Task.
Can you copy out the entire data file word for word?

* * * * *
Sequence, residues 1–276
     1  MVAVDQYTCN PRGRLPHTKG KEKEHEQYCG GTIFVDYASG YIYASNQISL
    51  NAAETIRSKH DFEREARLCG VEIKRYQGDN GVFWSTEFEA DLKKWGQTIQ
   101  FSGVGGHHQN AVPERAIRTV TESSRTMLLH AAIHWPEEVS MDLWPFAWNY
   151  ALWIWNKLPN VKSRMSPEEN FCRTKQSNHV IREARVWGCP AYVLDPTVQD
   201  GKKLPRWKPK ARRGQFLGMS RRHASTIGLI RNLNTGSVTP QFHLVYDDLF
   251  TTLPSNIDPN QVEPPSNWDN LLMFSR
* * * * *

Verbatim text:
Sequence, residues 1–276
     1  MVAVDQYTCN PRGRLPHTKG KEKEHEQYCG GTIFVDYASG YIYASNQISL
    51  NAAETIRSKH DFEREARLCG VEIKRYQGDN GVFWSTEFEA DLKKWGQTIQ
   101  FSGVGGHHQN AVPERAIRTV TESSRTMLLH AAIHWPEEVS MDLWPFAWNY
   151  ALWIWNKLPN VKSRMSPEEN FCRTKQSNHV IREARVWGCP AYVLDPTVQD
   201  GKKLPRWKPK ARRGQFLGMS RRHASTIGLI RNLNTGSVTP QFHLVYDDLF
   251  TTLPSNIDPN QVEPPSNWDN LLMFSR